What’s In a Name?
The Great Privilege of Praying in Jesus’ Name
By Todd Gaddis
Alexander the Great (356-323 B.C.), one of the all-time great military generals, conquered most of the known world of his day with his mighty army. One night, struggling to sleep, he left his tent to walk around the camp and came across a soldier asleep on guard duty—a very serious offense. The penalty for falling asleep while on guard could be instant death.
As Alexander approached, the waking soldier recognized him and feared for his life. The great leader called out to him, “Do you know the penalty for falling asleep on guard duty?”
“Yes, sir,” responded the soldier in a shaky voice.
“Soldier, what’s your name?”
“Alexander, Sir.” Alexander the Great repeated the question. “What is your name?”
“My name is Alexander, Sir.”
Again, more loudly this time, the general demanded, “What is your name?”
“My name is Alexander, Sir,” the soldier meekly answered.
Looking intently at the young man, Alexander the Great said, “Soldier, either change your name or change your conduct.”
The Matchless Name
Names in Bible times carried much more meaning than merely identifying or distinguishing a person. “Names in Scripture represent the very essence of the person. A person’s personality, character, reputation and authority are all wrapped up in his name.”1 Jacob, whose name means “he deceives,” lived up to the designation by manipulating those around him for selfish gain. That all changed, however, after he wrestled with God at the River Jabbok. There he received a new name, Israel, which means, “he struggles with God” (Gen. 32:28).
A name often suggested power and influence, as was the case with Alexander. Yet no name can ever rise to the heights of the matchless name of Jesus. This is particularly true within the realm of prayer. If learning the intercessory methods of our Lord grants you the “college degree,” then understanding what it means to pray in the name of Jesus takes you to the masters level.
What Does It Mean?
Praying in the name of Jesus doesn’t mean simply closing a prayer with “in Jesus’ name.” It’s not a secret code or magic formula. Author Jack Taylor writes, “To pray in his name is more than a declaration, it is a disposition.”2
So, if it’s not a matter of voicing three short words, then what is it? Note first that praying in Jesus’ name opens the door or offers admittance to salvation. One Old Testament verse carries such significance that two different New Testament writers quote it. During his powerful sermon at Pentecost, Peter proclaimed to a crowd of Jews, “Everyone who calls on the name of the Lord will be saved” (Acts 2:21; Joel 2:32). Paul included those same words when describing salvation to the church in Rome (Rom. 10:13).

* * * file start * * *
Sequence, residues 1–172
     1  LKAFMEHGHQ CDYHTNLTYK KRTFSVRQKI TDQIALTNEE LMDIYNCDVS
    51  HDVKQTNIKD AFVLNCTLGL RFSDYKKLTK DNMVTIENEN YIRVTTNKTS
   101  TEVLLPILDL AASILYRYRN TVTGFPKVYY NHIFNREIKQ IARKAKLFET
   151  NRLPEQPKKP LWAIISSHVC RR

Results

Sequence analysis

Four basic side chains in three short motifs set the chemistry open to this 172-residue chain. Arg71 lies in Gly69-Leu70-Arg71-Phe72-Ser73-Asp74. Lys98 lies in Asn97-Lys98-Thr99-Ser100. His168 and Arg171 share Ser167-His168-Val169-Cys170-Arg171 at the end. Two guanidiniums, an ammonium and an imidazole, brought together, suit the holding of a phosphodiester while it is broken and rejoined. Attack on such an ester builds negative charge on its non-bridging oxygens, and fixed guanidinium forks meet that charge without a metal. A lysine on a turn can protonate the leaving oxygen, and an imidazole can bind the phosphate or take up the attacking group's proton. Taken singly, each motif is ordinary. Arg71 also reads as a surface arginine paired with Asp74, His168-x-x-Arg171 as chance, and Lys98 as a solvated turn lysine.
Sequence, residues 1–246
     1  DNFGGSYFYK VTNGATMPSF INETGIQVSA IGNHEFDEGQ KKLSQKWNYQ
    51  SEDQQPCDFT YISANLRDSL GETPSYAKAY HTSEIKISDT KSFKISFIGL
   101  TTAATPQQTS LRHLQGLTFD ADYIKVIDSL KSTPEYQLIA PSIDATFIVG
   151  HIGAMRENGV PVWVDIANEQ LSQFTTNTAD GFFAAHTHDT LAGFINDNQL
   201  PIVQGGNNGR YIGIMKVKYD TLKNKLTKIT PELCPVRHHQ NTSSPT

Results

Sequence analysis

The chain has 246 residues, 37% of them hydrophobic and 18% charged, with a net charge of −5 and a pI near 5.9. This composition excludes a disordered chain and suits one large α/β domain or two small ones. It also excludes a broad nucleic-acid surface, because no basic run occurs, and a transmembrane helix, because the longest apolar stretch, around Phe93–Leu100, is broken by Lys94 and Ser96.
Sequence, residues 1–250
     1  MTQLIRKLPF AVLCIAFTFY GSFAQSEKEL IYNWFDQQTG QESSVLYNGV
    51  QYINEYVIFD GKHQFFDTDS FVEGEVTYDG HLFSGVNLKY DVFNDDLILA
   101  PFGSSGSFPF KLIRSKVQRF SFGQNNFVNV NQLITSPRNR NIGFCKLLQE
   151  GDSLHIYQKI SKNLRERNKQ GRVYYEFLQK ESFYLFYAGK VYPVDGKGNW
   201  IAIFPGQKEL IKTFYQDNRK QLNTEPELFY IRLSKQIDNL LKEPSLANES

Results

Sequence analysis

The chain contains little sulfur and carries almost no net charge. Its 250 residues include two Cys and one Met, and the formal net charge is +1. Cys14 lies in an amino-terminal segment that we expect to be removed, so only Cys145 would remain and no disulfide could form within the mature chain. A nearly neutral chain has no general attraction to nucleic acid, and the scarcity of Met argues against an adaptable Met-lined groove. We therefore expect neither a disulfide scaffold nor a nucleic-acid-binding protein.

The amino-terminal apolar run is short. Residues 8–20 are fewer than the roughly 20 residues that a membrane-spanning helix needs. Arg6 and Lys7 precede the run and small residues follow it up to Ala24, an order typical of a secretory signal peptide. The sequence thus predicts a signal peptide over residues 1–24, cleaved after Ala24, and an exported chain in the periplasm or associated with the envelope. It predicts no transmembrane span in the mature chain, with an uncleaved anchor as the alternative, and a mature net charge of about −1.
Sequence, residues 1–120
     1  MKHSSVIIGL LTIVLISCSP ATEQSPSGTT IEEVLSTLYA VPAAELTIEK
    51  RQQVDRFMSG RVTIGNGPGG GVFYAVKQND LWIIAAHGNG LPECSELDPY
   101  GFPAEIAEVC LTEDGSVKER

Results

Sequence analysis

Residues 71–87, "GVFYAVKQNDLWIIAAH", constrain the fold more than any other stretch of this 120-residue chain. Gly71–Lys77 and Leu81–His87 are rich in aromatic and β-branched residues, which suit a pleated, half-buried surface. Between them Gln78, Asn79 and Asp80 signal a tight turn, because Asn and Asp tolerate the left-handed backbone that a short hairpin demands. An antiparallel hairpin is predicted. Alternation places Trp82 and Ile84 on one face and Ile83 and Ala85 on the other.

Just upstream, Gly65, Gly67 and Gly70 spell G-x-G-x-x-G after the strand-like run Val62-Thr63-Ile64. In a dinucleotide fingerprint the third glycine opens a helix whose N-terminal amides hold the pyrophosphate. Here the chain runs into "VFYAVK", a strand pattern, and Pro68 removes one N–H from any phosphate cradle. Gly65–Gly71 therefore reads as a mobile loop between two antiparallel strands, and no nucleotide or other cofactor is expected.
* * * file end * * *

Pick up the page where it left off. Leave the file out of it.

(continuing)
Calling on the name of the Lord and receiving His free gift of salvation is the crucial first step in establishing a relationship with Him. When praying in His name, there is significance in the word admit—both noun and verb—as it relates to our salvation.
Several years ago, an acquaintance invited me to play golf at the Athletic Club of Atlanta, a prestigious course that has hosted many professional tournaments. Arriving at the entry gate with great excitement and anticipation, I gained admission to the grounds by simply giving the security guard the name of the man who invited me.
As a noun, admission means “access.” Paul writes, “In him [Christ] and through faith in him we may approach God with freedom and confidence” (Eph. 3:12). Even though the word name doesn’t appear in this verse, the implied truth is that Jesus provided direct passage to God by way of His precious blood that paid the penalty for our sins. He and His name are one.
Scripture says, “Let us then approach the throne of grace with confidence, so that we may receive mercy and find grace to help us in our time of need” (Heb. 4:16, emphasis added). This confidence is certainly not due to our own merit, but it is based on the great High Priest Jesus who paved the way.
As a verb, admit means acknowledging that something is true.
Taylor writes, “When we respond to the command to pray in Jesus’ name, we are admitting the bankruptcy of our own name. We are renouncing our own worth and merit at the throne of grace. We are admitting that in our flesh dwells no good thing, that we have no worth whereby His grace to claim.”3
As we approach God in prayer—in Jesus’ name—we peel away layers of pride and toss aside the cloak of self. We bow before Him on the merits of His Son alone.
Praying under an Assumed Name
This leads nicely into the next truth about praying in the name of Jesus, which is assuming His identity. Identity theft, particularly in this electronic age, is a common, costly crime. Illegally obtaining another person’s Social Security number and credit card number often offers tremendous financial gain as well as a new identity. Identity theft is reprehensible in our temporal world, yet it is encouraged—demanded, in fact—from an eternal perspective.
“To pray in Jesus’ name is to pray under an assumed name.”4 Our own names carry no weight, nor do they wield any influence as we kneel in the presence of God. “All our righteous acts are like filthy rags” (Isa. 64:6). Yet the name that is above every name—Jesus—unlocks the doors of heaven and rolls out a red carpet to the very throne of God.